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8 Playground Games That Can Benefit Your Health

Why is it that when we grow up, exercise all of a sudden becomes a workout? Kids can run around all day — and they’d never call it work! As adults, we need to think outside the box when it comes to workouts and make them as fun as possible. There are tons of ways you can stay active at the playground. If you’ve got kids, start playing all of those games you’ve taken a break from. Not only will you get good quality time as a family, but you’ll get tons of health benefits. Today, Chris Freytag, ACE-certified group fitness instructor, health coach and personal trainer, shares those long-forgotten playground games that are guaranteed to get your body working while being fun.

women playing tug of war

8 Playground Games You Should Still Play

1. Tug of war. It works both your core and arms, and you’ll be so focused on winning you won’t even realize it!

2. Hula hooping. Hula-hooping works core and leg strength, as well as balance. Weighted hula hooping may actually be easier for adults because they’re larger and easier to use. Take a hula-hooping class or do a video to get your heart rate up.

3. Jump rope. Jumping rope is a good cardio workout. It’s the easiest, cheapest way to get your heart rate up. Plus, it’ll work your legs hard.

4. Kickball. Classic kickball will work leg muscles, core strength and stamina.

5. Horse. Just like a regular game of basketball, it’s great for your arms. It’ll work your chest and shoulders, too. For more cardio, play a game of one-on-one.

6. Hopscotch. It’s a good way to work on balance, as well as quad and calf muscles. Plus, you’ll get in some squats to pick up your rock.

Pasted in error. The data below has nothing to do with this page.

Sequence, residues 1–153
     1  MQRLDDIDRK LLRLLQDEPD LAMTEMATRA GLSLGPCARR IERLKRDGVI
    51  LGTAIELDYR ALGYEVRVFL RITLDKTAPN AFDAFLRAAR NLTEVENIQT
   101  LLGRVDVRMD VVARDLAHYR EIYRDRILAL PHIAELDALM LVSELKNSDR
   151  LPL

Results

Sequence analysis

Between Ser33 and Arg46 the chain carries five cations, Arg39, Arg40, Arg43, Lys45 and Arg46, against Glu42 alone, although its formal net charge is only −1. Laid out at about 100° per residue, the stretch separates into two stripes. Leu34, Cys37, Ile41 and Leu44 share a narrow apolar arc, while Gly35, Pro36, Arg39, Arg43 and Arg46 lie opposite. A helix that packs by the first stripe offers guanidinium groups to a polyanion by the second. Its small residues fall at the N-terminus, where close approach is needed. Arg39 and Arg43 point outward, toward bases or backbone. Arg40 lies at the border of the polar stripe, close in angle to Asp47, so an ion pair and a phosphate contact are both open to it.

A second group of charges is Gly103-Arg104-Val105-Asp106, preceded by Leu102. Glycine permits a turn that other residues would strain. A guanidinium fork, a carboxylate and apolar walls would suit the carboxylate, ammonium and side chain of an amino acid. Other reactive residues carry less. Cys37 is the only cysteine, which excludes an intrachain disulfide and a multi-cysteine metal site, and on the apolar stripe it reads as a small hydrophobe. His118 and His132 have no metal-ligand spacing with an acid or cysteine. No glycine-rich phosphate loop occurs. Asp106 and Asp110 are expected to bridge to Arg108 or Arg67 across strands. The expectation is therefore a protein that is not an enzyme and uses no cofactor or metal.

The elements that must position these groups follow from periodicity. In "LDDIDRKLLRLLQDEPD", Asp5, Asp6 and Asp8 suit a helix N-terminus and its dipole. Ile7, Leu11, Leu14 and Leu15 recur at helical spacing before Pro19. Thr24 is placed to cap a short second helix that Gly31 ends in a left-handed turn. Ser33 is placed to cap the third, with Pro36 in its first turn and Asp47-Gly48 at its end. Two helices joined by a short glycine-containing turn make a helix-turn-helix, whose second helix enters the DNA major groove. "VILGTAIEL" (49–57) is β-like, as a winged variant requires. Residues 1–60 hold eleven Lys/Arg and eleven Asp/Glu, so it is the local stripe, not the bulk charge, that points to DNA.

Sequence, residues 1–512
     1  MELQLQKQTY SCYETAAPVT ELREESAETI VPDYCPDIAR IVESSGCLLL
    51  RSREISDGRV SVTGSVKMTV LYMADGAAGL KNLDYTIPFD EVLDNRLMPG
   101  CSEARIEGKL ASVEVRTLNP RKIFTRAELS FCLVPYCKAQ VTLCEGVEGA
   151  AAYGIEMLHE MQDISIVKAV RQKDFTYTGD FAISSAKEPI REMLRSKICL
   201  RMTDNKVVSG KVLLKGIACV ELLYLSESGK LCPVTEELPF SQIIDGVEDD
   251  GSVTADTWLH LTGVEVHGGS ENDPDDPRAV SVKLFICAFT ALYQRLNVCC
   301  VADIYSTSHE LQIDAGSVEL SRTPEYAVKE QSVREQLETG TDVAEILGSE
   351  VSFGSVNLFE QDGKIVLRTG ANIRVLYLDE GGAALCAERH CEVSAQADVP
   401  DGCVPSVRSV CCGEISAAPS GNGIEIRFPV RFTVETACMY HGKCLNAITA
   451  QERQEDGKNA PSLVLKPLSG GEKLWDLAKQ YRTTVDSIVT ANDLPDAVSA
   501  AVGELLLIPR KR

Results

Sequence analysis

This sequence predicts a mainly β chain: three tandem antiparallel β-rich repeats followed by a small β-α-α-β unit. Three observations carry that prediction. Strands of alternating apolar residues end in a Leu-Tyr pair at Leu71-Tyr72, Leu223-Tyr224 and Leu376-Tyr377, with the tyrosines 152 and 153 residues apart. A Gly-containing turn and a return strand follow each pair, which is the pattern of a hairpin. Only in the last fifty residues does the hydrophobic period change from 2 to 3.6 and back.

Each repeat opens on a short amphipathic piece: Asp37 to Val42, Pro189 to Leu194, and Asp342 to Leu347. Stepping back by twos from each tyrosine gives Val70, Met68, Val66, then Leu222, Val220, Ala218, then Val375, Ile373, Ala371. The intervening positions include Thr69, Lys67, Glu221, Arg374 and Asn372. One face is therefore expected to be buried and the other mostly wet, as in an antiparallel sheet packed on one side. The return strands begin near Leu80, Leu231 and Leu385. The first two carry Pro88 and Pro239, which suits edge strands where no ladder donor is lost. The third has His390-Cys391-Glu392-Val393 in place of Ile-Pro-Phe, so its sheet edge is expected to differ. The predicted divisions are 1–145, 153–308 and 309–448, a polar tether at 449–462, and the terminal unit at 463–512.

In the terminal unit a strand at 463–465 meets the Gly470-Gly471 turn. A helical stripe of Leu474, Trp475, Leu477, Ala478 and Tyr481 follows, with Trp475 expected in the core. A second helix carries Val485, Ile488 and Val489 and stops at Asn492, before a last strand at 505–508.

7. Capture the Flag. Lots of running = nice workout for your heart and lungs. Most cardiovascular of all games listed, it’ll also work your agility.

8. Kick the Can. Since it’s a combo of hide-and-seek and tag, it can get your heart pumping from all the running. Plus you’re building strength in your legs from the running.

So how long do you need to play to get the benefits? Don’t stress about it! The CDC recommends that we get 150 minutes of heart pumping exercise a week, which is 2 ½ hours. So pick your favorites, and do whatever keeps you motivated to play. Take the word “exercise” out of your vocabulary and do what is fun and makes you want to be active! One way to determine the benefits of these games are through body-monitoring devices like the BodyMedia armband; you may be pleasantly surprised how these childhood games add up to a lot of activity, calories burned and an overall great workout.

Great advice, Chris! We’re all about making fitness fun, and this proves you don’t have to hit the gym to get a workout. What’s your favorite game from your youth? I was always a fan of dodgeball and capture the flag! —Erin

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